The Iceland Goeth.
Last year, the United Nations Human Development Index named Iceland the most developed country in the world. This year, like a South American banana republic or African kleptocracy, the North Atlantic island nation has had to turn to the International Monetary Fund for a rescue package--estimated at $6 billion, including contributions from Norway, Sweden, Denmark, and possibly Russia and Japan--to salvage a wrecked currency and shattered banking system. Think things are bad in America under Bush, Paulson, and Bernanke? Just wait. Iceland shows us just how much further we may yet fall.
Iceland's banks didn't bet on the U.S. real estate bubble. But they did depend on easy credit at home and abroad, and as Iceland's currency, the krona, tanked--losing 35 percent of its value against the euro over the past year--the house of IOU's came down. The currency, weak already, collapsed, finally trading at 340 krona to 1 euro. As credit markets tightened around the world, Iceland's banks could not borrow any more foreign currency, and could not do anything with their now worthless national currency. For an island state that must import necessities from abroad, a debased krona and bad credit score meant immediate hardship. And with few native industries, Iceland was in no position to get hard currency through trade.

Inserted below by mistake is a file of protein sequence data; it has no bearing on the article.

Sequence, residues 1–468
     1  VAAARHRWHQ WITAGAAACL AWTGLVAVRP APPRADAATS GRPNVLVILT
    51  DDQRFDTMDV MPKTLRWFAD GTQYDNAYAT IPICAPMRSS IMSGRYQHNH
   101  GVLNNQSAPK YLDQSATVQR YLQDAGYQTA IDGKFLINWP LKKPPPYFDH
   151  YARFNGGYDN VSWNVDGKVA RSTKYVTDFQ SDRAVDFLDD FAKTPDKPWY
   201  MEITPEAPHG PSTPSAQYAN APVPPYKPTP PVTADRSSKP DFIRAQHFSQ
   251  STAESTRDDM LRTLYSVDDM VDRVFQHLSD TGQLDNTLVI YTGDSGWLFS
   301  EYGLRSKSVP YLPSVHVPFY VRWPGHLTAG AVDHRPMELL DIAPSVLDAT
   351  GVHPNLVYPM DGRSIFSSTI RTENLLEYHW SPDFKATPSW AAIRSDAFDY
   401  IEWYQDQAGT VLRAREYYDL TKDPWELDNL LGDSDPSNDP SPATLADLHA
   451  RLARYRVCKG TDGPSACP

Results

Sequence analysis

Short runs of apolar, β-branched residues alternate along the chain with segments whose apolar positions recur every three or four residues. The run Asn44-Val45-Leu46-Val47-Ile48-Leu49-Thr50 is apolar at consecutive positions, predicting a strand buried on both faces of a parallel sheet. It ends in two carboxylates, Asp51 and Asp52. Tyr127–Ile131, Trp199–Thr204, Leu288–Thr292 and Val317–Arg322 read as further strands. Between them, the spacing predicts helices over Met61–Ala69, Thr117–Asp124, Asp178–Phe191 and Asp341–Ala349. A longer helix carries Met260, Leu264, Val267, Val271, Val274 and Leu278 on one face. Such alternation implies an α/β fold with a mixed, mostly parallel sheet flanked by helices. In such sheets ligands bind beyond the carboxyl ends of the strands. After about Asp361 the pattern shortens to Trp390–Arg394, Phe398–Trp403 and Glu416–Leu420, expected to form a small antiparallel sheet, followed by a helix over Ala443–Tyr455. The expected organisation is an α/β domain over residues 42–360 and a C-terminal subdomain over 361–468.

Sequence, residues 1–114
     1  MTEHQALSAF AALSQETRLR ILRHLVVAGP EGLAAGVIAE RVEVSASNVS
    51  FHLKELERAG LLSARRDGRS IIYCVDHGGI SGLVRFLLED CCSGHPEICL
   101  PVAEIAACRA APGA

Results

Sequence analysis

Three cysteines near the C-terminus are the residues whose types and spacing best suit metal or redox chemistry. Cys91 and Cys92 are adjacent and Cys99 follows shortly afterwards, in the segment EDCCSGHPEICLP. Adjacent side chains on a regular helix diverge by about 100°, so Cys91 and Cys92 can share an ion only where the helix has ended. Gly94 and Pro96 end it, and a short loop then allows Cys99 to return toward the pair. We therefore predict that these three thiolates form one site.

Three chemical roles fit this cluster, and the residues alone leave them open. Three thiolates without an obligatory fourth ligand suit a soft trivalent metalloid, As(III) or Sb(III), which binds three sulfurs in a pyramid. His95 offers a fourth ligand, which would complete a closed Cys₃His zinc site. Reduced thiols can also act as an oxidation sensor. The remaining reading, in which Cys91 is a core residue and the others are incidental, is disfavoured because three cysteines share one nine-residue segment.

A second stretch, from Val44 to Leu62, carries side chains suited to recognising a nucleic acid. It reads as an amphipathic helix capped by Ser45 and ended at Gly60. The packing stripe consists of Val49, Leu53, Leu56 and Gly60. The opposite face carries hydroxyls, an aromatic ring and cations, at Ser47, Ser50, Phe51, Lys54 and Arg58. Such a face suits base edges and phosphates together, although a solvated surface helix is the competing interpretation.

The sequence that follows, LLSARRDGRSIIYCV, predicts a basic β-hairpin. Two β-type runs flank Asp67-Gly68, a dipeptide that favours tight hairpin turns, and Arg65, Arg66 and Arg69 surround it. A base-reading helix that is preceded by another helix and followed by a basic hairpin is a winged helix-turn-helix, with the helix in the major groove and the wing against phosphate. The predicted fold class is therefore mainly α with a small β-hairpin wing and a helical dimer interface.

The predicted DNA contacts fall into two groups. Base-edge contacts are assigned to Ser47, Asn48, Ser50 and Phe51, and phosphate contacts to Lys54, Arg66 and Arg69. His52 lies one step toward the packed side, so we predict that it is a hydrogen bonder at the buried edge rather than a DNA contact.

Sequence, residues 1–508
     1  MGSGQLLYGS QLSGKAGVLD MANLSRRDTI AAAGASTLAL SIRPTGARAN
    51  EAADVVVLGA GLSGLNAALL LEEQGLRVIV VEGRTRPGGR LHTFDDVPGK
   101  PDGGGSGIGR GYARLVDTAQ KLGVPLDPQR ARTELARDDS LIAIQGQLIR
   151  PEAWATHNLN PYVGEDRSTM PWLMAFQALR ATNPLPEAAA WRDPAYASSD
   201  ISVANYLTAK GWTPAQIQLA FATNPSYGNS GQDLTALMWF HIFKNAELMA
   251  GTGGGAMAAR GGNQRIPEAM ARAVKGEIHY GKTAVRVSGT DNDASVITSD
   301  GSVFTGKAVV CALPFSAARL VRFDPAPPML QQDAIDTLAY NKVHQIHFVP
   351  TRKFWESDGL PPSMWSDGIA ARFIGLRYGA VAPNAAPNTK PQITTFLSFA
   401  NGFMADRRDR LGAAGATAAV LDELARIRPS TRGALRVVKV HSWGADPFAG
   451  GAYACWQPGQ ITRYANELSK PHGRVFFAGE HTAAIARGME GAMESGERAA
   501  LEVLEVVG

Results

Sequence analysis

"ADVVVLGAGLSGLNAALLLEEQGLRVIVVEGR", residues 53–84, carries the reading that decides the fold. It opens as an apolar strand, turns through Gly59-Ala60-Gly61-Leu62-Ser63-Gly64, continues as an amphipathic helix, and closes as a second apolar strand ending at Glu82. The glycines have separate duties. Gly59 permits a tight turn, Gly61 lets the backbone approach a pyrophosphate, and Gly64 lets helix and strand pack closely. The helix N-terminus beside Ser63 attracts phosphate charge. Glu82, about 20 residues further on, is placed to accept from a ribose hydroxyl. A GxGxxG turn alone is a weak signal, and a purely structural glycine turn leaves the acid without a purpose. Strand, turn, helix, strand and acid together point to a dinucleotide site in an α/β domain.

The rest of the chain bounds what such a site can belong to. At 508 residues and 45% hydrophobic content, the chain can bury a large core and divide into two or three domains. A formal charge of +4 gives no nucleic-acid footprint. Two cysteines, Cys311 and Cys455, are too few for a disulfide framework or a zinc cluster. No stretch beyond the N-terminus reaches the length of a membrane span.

So Reykjavik has turned to the IMF, which places strict--and often ineffective--controls on the nations that take its money. The crisis jeopardizes Iceland's sovereignty in other ways as well, as the government considers pegging the krona to the euro, and thus to the whims of the European Central Bank, or joining the European Union out of sheer necessity. Financial globalization precipitated the crisis, of course--though the bulk of the blame belongs to central banks and national governments, and not only Iceland's. British Prime Minister Gordon Brown played a particularly shameful role in Iceland's downfall by using some of his recently-acquired anti-terrorism powers to seize the British assets of Iceland's largest bank, Landsbanki.
It's a small globalized world after all, and while the United States may not be as small as Iceland, what happened there can happen here. The future looks cold.